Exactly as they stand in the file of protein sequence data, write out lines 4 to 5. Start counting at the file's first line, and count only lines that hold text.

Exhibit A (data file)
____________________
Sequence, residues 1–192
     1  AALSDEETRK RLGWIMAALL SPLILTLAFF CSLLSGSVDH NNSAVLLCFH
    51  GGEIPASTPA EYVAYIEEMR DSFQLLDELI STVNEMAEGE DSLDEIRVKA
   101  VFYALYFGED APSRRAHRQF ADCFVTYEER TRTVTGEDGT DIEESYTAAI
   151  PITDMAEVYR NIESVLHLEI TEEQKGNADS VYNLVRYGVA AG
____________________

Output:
   101  VFYALYFGED APSRRAHRQF ADCFVTYEER TRTVTGEDGT DIEESYTAAI
   151  PITDMAEVYR NIESVLHLEI TEEQKGNADS VYNLVRYGVA AG